Mount Vernon in Baltimore, Maryland — The American Northeast (Mid-Atlantic)
Topics and series. War, US Revolutionary. In addition, it is included in the Former U.S. Presidents: #28 Woodrow Wilson series list. A significant historical year for this entry is 1777.
Location. 39° 17.835′ N, 76° 36.938′ W. Marker is in Baltimore, Maryland. It is in Mount Vernon. Marker is at the intersection of North Charles Street and Monument Street, in the median on North Charles Street. Touch for map. Marker is in this post office area: Baltimore MD 21201, United States of America. Touch for directions.
Other nearby markers. At least 8 other markers are within walking distance of this marker. To George Washington (here, next to this marker); Washington Monument (within shouting distance of this marker); The Peabody Library (within shouting distance of this marker); The Peabody Conservatory (within shouting distance of this marker); Hackerman House (within shouting distance of this marker); Contributing to Society: Baltimore's Best Address (within shouting distance of this marker); Mount Vernon Cultural District (within shouting distance of this marker); Memorial To Edward Berge (within shouting distance of this marker). Touch for a list and map of all markers in Baltimore.
More about this monument. This 16 foot high bronze of Lafayette astride a horse on a 16 foot high marble base is by sculptor Andrew O’Connor, Jr. (1874–1941).
From the Smithsonian Institution Research Information Service: “The Lafayette Monument was the subject of one of the most contentious sculpture debates ever in Baltimore. In 1919, landscape architect, Thomas Hastings, of Carrere and Hastings, who was hired to relandscape Mt. Vernon Place decided to install the new Lafayette sculpture south of the Washington Monument where it stands today. Many objected to this site because such a large sculpture and base, it was thought, would block the view of the Washington Monument from the south. Despite the criticism, Hastings prevailed and the sculpture was installed as planned on September 6, 1924, the anniversary of Lafayette’s birthday.”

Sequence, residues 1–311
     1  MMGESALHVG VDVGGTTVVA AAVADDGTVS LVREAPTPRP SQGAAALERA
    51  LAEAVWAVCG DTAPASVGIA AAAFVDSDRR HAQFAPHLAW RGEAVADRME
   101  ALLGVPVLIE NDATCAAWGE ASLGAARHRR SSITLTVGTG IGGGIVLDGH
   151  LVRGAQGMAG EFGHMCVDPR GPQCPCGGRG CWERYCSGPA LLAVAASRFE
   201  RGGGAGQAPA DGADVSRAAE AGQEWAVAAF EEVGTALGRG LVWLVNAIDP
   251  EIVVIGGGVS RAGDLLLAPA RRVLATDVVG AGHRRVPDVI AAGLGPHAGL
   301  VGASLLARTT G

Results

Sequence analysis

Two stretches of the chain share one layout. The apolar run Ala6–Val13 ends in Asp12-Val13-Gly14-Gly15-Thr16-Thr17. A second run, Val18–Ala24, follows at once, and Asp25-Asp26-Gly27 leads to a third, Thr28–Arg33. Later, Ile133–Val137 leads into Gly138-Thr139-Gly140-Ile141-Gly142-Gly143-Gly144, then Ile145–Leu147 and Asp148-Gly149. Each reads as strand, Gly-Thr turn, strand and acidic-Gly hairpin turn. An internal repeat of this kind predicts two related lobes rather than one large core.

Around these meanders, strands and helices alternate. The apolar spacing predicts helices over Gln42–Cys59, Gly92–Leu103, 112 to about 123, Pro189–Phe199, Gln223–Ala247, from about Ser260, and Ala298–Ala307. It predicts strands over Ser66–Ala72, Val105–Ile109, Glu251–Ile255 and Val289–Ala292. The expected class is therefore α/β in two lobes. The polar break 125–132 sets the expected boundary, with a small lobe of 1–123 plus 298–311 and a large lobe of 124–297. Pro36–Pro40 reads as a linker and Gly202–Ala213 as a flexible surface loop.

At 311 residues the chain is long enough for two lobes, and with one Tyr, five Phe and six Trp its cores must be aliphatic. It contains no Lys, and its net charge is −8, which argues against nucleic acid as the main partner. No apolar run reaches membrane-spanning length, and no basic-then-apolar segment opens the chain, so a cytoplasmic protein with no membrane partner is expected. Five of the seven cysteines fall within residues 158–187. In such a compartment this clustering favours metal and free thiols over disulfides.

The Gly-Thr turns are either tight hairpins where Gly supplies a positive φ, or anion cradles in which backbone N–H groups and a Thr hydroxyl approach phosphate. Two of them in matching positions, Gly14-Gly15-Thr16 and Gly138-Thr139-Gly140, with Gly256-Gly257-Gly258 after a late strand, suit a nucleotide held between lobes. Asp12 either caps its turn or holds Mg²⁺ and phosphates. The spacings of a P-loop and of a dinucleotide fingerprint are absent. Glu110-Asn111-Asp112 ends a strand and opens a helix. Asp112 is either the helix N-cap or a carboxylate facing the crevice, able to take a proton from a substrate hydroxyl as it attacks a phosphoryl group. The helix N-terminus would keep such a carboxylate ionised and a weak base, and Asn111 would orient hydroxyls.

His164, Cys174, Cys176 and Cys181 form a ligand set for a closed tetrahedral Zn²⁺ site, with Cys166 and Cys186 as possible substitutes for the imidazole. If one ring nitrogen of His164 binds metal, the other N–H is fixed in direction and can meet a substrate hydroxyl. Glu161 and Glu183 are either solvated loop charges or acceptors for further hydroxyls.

Additional keywords. Revolutionary War patriot Gilbert Du Motier, Marquis
Credits. This page was last revised on August 1, 2020. It was originally submitted on September 9, 2007, by Bill Pfingsten of Bel Air, Maryland. This page has been viewed 2,184 times since then and 46 times this year. Photos: 1, 2, 3. submitted on September 9, 2007, by Bill Pfingsten of Bel Air, Maryland. 4. submitted on November 6, 2015, by Allen C. Browne of Silver Spring, Maryland. 5, 6. submitted on November 7, 2015, by Allen C. Browne of Silver Spring, Maryland. • J. J. Prats was the editor who published this page.